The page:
As most of you know, I grew up on a ranch. Not the cool kind, like horse ranch, or cattle ranch… a chicken ranch. And let me tell ya, there is nothing romantic about a chicken ranch. But they do have chickens! We would get a few hundred chicks every couple of months. They were two days old and were supposed to be all hens, since my dad was an egg producer. Well along about 4 or 5 days old it was always apparent that they missed a few roosters. These were destined for the fry pan. Now I don’t remember how old they had to get before they became dinner, but here is the "recipe".
*Find an old galvanized pipe about 4 feet long.
*Grab your "dinner chicken" out of the cage and hold by both legs.
*Hike up your dress to just above your knees and spread your legs with one foot on one end of the pipe.
*Bend over and insert chicken’s head under the pipe so the pipe lays just across the neck.
*Place other foot on other end of the pipe, bending at the knees.
*Hold tight to the chicken legs, straighten knees, straighten your back, look up, and pull on chicken legs.
*When head pops off swear softly under your breath and toss chicken away about 5 feet.
*When chicken stops running around (yes, they do this) go gather him up.
*Cut around the "vent" and pull out the innards with one clean jerk (I think this is an Olympic event in some 3rd world countries).
*Toss the innards on a sheet of newspaper, pick out the gizzard, liver and heart and discard the rest.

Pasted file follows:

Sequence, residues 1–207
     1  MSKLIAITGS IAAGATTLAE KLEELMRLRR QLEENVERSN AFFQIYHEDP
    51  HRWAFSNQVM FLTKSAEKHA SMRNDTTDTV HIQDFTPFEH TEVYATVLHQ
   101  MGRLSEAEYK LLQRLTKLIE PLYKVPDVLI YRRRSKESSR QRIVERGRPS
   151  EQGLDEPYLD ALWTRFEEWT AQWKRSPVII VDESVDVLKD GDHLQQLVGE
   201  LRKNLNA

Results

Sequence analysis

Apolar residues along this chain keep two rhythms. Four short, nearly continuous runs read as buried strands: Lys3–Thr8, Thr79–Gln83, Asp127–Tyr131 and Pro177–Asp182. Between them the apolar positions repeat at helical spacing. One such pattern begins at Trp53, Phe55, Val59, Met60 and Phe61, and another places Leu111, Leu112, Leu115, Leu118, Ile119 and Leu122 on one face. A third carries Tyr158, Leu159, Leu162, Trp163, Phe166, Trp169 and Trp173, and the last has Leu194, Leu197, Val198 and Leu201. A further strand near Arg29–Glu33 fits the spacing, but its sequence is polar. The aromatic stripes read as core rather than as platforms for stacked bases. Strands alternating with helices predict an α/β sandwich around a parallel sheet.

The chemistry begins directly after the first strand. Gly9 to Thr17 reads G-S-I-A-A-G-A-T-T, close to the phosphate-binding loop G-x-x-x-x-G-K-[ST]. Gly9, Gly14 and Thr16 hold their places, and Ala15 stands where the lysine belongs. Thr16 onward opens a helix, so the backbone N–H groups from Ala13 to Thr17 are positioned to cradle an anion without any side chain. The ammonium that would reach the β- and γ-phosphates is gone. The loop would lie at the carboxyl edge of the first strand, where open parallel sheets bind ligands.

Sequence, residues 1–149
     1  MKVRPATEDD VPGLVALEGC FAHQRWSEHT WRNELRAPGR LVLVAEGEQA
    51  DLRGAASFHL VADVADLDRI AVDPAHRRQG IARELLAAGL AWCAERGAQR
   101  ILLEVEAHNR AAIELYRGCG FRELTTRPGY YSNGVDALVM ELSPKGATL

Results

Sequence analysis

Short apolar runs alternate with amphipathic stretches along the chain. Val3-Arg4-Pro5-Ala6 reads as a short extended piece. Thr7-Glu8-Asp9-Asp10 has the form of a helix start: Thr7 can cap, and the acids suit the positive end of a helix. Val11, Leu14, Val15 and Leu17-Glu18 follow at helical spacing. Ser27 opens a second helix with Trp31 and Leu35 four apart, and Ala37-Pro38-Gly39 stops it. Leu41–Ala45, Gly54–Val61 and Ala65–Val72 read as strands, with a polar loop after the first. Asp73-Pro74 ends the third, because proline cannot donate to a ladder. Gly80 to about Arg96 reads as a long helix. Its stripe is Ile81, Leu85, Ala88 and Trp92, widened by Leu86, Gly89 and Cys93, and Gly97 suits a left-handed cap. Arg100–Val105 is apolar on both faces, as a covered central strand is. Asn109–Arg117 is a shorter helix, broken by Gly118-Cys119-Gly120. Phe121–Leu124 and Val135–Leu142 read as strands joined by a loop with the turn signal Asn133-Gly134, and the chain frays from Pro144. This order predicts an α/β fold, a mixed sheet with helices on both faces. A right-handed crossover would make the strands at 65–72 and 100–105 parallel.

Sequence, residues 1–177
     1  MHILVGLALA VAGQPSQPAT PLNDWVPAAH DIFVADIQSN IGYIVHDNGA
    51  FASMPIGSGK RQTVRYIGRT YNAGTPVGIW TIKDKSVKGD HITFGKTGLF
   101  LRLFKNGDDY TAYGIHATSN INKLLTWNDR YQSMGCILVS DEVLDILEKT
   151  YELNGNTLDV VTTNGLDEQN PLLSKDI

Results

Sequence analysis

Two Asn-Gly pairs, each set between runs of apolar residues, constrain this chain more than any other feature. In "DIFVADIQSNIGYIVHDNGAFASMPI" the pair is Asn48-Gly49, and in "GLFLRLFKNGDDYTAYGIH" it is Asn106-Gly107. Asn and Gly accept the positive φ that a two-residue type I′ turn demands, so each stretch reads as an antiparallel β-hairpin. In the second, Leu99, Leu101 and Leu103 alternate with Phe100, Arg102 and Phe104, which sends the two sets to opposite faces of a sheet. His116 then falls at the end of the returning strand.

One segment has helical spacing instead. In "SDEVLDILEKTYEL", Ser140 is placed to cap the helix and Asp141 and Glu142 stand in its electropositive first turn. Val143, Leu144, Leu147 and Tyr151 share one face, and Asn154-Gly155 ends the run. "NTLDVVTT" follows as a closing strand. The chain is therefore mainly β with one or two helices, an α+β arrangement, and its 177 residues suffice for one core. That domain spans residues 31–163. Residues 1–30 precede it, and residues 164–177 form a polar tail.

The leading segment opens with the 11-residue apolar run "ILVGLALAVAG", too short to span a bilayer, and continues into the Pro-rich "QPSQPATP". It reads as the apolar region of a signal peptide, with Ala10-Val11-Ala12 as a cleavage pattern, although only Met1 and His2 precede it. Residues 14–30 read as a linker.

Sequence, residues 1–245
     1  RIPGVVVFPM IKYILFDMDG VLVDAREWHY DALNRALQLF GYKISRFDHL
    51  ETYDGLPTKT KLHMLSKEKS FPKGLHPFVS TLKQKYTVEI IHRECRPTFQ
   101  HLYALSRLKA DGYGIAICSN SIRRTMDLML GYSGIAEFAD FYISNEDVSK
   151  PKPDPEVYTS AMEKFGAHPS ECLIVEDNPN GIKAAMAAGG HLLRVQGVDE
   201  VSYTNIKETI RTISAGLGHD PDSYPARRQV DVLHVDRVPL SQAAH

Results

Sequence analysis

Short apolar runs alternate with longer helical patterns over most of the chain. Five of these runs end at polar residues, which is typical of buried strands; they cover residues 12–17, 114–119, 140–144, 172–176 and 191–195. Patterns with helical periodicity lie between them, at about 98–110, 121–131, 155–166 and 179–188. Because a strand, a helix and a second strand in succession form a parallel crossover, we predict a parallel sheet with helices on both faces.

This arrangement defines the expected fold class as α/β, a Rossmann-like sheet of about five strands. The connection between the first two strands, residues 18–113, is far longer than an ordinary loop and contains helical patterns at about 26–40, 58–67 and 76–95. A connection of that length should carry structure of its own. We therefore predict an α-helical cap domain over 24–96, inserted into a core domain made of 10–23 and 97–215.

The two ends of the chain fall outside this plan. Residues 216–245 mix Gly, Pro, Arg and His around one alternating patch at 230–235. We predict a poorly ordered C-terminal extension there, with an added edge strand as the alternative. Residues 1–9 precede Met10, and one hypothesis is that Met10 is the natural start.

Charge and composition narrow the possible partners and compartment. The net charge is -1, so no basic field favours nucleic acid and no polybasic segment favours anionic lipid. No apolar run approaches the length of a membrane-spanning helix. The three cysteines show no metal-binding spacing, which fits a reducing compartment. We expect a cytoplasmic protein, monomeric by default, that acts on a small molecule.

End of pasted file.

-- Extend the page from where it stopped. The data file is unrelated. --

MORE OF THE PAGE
*Cut off the legs at the knees and discard. (Except in Africa where they are saved for the cooking pot… yum, right Tyler?).
*Dip the chicken in a pot of boiling water to loosen the feathers and make it smell really good (NOT!)
*Pluck off all the feathers, even the little bitty ones. (Granny didn’t always follow this step very well).
*Cut up chicken in various pieces.
*Roll the chicken pieces in some whipped up eggs.
*Roll the chicken in some flour that you just kinda dump on the counter top.
*Fry the chicken for a while in some Crisco in an electric skillet at a pretty hot temperature.
*Salt and pepper to taste.
Now some suggestions: If you’re frying up white leghorns (pronounced "leg-erns") you will need about 1 chicken per person. There ain’t much meat on them, they are bred for laying eggs, not for eating. Second, and perhaps most important, don’t forget to clean up the flour on the counter right away. If you don’t, some young boy is likely to come along and slap it with his hand. This is very entertaining as Granny lets out a delightful yelp and chases the boy around the house. This could happen several times if you don’t clean it up right away. So be sure to do that. I’m not sure you will be able to find the boy to help clean it all up. He usually doesn’t come back until it’s time to eat the chicken.
That’s the recipe I grew up with. If I recall right, it’s mighty tasty. And Granny loved cooking it. Even the young boy part.
I love my Granny! She was an amazing inspiration and role model for me. I wanted to add a picture I put together composing one of her quotes. Towards the end of her life as she was battling Alzheimer's, she had periods of amazing insight. This is one of them.